There’s an op-ed in the most recent Sunday Times by Nicholas D. Kristoff about pathogens in pork.  The problem as discussed here is that nontherapeutic doses of antibiotics appear to be contributing to a rise in antibiotic resistant pathogens affecting humans.  As reported in the article, more than half of all antiobiotics used in the US are fed to animals without diseases.

Having attended a land grant university with a vet school, this article led me to think about what the veterinarians are doing and saying about all this.  The American Veterinary Medical Association has come out against legislation on the matter. They summarize recently proposed legislation as follows:

Preservation of Antibiotics for Medical Treatment Act: The Preservation of Antibiotics for Medical Treatment Act would amend the Federal Food, Drug, and Cosmetic Act to purportedly preserve the effectiveness of medically important antibiotics used in the treatment of human and animal disease. The stated purpose of the bills “is to preserve the effectiveness of medically important antibiotics used in the treatment of human and animal diseases by phasing out use of certain antibiotics for nontherapeutic purposes in food-producing animals.”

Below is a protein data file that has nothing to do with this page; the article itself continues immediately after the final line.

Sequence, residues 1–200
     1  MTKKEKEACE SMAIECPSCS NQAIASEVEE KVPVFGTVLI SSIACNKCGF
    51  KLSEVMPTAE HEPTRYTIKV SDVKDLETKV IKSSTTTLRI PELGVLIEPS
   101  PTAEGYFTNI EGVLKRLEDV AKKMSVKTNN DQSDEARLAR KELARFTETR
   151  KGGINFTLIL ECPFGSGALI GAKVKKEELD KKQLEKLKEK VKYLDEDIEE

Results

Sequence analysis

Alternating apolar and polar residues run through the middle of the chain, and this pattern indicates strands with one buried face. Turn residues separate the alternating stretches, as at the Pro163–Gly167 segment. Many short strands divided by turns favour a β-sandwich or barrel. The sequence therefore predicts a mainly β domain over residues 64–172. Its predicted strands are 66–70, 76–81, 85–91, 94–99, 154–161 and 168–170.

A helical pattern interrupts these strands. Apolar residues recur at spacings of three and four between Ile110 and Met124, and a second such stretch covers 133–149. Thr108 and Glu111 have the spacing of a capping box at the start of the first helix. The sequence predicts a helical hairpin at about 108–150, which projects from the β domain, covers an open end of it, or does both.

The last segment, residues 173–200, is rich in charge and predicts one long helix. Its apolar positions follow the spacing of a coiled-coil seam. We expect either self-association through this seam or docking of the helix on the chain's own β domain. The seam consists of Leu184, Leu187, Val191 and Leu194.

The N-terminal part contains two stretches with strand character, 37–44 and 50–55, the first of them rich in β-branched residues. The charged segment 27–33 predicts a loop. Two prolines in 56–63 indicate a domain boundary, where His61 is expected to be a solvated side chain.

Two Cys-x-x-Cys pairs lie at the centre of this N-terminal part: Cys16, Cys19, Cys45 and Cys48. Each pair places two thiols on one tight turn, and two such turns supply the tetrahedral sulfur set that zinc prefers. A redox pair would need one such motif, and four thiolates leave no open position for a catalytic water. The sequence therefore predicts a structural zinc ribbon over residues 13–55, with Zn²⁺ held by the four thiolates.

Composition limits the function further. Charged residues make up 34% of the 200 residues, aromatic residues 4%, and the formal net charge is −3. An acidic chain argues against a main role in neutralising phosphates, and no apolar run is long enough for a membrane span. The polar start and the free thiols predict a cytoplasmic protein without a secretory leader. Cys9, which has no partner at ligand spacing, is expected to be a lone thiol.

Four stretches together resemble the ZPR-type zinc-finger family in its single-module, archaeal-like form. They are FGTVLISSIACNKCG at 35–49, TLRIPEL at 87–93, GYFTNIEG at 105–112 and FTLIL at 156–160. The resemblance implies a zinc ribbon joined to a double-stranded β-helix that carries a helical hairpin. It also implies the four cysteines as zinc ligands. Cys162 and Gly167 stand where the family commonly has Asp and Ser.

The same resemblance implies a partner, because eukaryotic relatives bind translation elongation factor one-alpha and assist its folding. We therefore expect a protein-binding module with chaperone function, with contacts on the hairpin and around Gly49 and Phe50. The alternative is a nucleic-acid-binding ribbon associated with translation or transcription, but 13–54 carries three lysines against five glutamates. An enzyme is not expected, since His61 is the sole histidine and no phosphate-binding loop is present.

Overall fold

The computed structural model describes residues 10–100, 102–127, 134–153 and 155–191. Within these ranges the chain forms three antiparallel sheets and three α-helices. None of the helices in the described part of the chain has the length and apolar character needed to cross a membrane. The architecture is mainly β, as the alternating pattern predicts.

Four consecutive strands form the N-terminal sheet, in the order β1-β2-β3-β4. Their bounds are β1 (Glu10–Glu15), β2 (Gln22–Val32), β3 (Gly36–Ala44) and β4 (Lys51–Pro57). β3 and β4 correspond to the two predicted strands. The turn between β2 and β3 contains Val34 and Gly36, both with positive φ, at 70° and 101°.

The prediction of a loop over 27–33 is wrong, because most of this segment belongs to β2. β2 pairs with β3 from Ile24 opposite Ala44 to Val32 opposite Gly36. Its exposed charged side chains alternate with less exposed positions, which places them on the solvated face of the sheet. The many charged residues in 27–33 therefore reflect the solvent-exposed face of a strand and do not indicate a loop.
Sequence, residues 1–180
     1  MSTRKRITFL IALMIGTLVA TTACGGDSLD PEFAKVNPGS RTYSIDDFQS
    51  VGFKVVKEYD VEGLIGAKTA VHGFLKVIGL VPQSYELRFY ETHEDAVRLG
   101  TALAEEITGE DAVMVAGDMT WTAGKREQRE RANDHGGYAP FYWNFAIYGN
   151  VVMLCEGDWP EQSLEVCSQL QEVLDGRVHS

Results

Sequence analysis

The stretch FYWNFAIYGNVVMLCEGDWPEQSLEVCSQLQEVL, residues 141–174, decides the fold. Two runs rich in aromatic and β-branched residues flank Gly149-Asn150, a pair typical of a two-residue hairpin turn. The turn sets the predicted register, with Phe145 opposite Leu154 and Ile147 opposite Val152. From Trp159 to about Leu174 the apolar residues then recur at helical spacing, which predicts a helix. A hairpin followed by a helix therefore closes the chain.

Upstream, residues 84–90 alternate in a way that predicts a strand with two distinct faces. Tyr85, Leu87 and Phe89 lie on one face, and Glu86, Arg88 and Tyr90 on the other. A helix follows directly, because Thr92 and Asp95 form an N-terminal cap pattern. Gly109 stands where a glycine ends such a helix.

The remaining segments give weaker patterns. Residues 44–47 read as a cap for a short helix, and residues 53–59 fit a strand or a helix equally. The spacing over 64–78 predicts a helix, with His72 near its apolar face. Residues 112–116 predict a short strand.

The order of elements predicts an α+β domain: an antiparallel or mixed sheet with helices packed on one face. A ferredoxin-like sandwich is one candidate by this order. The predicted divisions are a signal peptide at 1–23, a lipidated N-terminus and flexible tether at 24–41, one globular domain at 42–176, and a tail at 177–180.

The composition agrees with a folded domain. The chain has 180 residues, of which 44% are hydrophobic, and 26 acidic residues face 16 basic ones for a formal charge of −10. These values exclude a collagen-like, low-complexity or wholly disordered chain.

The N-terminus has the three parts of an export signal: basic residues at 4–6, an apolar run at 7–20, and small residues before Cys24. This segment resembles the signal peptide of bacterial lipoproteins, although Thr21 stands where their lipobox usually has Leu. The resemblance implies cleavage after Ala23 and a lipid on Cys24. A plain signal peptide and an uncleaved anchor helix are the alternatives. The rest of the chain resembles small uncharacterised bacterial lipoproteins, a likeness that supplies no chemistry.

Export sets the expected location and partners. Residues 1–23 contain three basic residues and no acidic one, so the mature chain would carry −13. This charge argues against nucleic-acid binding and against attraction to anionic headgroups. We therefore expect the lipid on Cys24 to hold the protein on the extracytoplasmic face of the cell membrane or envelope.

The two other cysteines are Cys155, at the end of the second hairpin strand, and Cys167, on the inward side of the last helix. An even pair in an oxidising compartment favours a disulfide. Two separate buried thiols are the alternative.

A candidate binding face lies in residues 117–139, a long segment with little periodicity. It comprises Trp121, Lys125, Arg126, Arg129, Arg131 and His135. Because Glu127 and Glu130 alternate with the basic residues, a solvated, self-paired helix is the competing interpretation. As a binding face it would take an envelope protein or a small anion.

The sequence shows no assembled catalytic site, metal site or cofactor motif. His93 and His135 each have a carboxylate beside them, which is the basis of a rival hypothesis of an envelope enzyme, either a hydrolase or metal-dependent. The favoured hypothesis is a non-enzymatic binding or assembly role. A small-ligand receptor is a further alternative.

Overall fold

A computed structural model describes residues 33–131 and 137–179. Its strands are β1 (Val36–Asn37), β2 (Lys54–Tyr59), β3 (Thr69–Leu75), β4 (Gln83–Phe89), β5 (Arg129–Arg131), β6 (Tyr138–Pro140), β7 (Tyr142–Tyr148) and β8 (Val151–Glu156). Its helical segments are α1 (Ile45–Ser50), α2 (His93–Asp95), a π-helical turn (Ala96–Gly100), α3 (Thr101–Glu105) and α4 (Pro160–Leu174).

There’s a need for considering the vet’s positions and involving them in discussions here because their buy-in will be important should things change. It is they who are and will be on the front lines on these matters. Some reading indicates that these veterinarians hone in on the benefits of antibiotics fed to animals that are well: they gain weight better, stay healthier, etc., according to their thinking. Clearly there needs to be a meeting of the minds on all this, with the veterinarians and the infectious disease specialists sitting down together. It will also be useful to closely examine the veterinary and other research on these issues, including looking at funding sources and the like.


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